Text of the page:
The dedication of the diorite statues normally tell how ensi Gudea had diorite brought from the mountains of Magan, formed it as a statue of himself, called by name to honour god/goddess (x) and had the statue brought into the temple of (y). Most of the big (almost lifesize, D is even bigger than life) statues are dedicated to the top gods of Lagash: Ningirsu, his wife Ba'u, the goddesses Gatumdu and Inanna and Ninhursanga as the "Mother of the gods". Q is dedicated to Ningiszida, Gudea's personal protective deity more properly connected to rand Abu Salabikh, the smaller M, N and O to his "wife" Gestinanna. The connection between Ningiszida and Gestinanna was probably invented by Archaeologists in order to effect a closer connection to Lagash.

Table of statues

Number Material Size Posture Provenance Dedicated to Today at Museum catalogue number
A diorite 1.24m standing excavations E. de Sarzec, Telloh Ninhursanga/Nintu Louvre AO 8
B diorite 0.93m sitting excavations E. de Sarzec, Telloh Ningirsu Louvre AO 2
C diorite 1.38m standing excavations E. de Sarzec, Telloh Inanna Louvre AO 5
D diorite 1.57m sitting excavations E. de Sarzec, Telloh Ningirsu Louvre AO 1
E diorite 1.42m standing excavations E. de Sarzec, Telloh Ba'u Louvre AO 6
F diorite 0.86m sitting excavations E. de Sarzec, Telloh Gatumdu Louvre AO 3
G diorite 1.33m standing excavations E. de Sarzec, Telloh Ningirsu Louvre AO 7
H diorite 0.77m sitting excavations E. de Sarzec, Telloh Ba'u Louvre AO 4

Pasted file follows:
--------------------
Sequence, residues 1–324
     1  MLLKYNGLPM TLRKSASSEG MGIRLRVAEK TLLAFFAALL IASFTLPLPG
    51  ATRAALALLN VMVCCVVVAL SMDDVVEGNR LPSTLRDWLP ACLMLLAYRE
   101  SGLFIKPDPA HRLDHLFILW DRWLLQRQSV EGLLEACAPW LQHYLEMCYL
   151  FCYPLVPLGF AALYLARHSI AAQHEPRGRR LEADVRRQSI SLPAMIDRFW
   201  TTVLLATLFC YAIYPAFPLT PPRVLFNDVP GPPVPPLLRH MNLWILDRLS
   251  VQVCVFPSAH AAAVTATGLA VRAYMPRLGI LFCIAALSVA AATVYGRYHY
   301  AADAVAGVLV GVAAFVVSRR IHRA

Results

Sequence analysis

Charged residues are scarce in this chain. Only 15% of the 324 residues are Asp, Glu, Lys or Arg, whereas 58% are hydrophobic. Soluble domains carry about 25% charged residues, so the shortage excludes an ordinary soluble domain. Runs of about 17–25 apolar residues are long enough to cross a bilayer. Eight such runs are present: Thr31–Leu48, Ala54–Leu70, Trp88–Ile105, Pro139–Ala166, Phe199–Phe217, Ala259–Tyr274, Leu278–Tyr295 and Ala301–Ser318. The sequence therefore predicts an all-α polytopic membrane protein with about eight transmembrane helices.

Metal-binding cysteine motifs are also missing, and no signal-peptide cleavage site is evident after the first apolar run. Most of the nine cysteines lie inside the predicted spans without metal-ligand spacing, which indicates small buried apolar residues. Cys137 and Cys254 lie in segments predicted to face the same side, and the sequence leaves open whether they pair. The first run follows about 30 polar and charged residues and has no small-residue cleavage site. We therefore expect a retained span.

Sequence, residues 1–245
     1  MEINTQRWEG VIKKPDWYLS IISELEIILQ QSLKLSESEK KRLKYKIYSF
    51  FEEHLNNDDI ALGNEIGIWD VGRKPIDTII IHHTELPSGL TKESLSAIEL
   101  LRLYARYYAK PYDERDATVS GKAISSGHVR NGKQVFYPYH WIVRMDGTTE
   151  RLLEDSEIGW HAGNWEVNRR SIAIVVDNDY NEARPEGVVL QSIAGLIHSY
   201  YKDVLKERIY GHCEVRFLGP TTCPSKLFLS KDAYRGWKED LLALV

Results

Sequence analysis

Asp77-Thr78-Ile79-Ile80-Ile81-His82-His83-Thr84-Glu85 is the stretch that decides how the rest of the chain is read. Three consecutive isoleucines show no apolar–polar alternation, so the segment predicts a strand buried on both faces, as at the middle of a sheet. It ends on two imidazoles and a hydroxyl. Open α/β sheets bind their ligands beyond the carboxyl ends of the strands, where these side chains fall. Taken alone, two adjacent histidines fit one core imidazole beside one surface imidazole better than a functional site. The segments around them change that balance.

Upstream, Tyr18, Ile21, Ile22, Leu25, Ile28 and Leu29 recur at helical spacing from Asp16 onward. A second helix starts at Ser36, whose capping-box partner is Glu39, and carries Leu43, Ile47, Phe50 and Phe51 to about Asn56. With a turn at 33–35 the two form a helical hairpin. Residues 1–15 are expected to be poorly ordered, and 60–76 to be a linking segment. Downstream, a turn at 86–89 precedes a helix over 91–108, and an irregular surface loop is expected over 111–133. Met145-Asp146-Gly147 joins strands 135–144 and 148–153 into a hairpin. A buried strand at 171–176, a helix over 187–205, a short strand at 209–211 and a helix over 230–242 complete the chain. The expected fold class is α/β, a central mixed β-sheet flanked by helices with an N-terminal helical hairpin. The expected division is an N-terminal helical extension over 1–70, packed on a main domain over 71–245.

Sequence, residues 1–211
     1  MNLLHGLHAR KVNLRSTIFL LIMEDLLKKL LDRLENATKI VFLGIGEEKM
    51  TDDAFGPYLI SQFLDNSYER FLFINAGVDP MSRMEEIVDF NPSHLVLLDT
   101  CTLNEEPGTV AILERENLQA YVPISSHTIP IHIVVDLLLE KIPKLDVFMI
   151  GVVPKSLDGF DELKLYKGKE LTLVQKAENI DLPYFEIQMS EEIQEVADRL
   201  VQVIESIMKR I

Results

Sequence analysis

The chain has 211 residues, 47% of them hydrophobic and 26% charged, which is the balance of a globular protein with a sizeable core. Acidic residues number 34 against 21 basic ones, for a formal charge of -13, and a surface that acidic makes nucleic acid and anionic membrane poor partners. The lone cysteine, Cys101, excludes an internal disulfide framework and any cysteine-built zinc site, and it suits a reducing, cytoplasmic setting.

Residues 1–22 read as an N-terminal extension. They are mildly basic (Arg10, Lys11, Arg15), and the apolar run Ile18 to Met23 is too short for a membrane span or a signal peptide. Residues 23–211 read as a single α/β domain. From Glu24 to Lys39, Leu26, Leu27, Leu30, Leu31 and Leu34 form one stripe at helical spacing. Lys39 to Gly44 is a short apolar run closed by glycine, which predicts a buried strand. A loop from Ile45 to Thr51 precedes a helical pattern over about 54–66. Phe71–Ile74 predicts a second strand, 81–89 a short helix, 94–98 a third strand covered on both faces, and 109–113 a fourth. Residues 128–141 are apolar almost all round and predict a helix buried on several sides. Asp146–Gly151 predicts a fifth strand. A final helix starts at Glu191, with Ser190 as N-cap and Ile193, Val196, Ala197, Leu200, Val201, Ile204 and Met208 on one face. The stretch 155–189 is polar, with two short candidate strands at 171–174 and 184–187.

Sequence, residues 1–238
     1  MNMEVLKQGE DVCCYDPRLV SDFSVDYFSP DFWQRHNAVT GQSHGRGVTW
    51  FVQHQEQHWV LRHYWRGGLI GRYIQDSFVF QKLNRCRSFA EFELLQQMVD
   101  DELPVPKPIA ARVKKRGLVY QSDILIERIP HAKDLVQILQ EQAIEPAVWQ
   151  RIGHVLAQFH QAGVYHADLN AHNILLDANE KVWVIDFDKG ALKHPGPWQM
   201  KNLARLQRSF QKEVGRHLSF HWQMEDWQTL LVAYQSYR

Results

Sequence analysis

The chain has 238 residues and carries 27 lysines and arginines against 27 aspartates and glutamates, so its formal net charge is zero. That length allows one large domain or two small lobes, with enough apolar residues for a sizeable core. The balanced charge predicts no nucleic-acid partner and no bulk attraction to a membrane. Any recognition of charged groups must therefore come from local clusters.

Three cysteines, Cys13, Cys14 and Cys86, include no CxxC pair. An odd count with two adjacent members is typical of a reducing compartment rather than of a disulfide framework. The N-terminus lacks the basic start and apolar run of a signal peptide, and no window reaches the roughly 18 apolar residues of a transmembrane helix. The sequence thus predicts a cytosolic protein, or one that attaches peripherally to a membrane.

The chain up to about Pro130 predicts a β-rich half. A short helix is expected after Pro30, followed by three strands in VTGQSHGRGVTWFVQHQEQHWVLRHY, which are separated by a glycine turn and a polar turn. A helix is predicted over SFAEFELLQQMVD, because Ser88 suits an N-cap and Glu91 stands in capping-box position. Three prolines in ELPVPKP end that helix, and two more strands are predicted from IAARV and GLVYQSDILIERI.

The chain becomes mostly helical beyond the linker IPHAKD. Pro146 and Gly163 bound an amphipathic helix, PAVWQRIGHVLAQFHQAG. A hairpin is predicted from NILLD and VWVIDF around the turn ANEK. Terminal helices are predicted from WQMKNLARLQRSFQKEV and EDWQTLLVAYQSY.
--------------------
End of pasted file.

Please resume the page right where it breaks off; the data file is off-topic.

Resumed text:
I diorite 0.45m sitting excavations E. de Sarzec, Telloh Ningishzida Louvre AO 3293 + AO 4108
J diorite -- -- excavations E. de Sarzec, Telloh -- -- --
K diorite 1.24m standing excavations E. de Sarzec, Telloh Ningirsu -- --
L diorite -- -- -- -- (Kudurru) --
M alabaster or paragonite 0.41m standing clandestine excavations, Telloh 1924 Geshtinanna Detroit Institute of Arts --
N dolerite, calcite or steatite 0.61m standing clandestine excavations, Telloh 1924 Geshtinanna Louvre AO 22126
O steatite 0.63m standing clandestine excavations, Telloh 1924 Geshtinanna Ny Carlsberg Glyptotek, Copenhagen NCG 840
P diorite 0.44m sitting clandestine excavations, Telloh 1924 Ningishzida New York, Metropolitan Museum of Art 59.2
Q diorite 0.33m sitting clandestine excavations, Telloh 1924 Ningishzida body in Baghdad, head in Philadelphia body: 2909, head: CBS 16664
R diorite 0.185m sitting art trade Namhani Harvard Semitic Museum HSM 8825
S limestone -- standing -- -- Louvre --
T -- 1.24m -- -- -- Golenishev collection --
U dolerite 0.71m sitting Seleucia ad Tigrim near Seleucia Ninhursanga/Nintu British Museum[2] 98065
V diorite 0.78m standing art trade -- British Museum[3] 122910
W diorite -- -- -- -- -- --
X diorite -- -- -- Meslamta'ea -- --
Y limestone -- -- -- Ningirsu -- --
Z diorite -- -- -- -- -- --
AA limestone -- -- -- -- -- --

Further reading

  • Dietz Otto Edzard, "Gudea and His Dynasty" Royal Inscriptions of Mesopotamia Early Periods - RIME 3/1 (Toronto University Press 1997).
  • F. Johansen, "Statues of Gudea, ancient and modern". Mesopotamia 6, 1978.
  • A. Parrot, Tello, vingt campagnes des fouilles (1877-1933). (Paris 1948).
  • H. Steible, "Versuch einer Chronologie der Statuen des Gudea von Lagas". Mitteilungen der Deutschen Orient-Gesellschaft 126 (1994), 81-104.


External links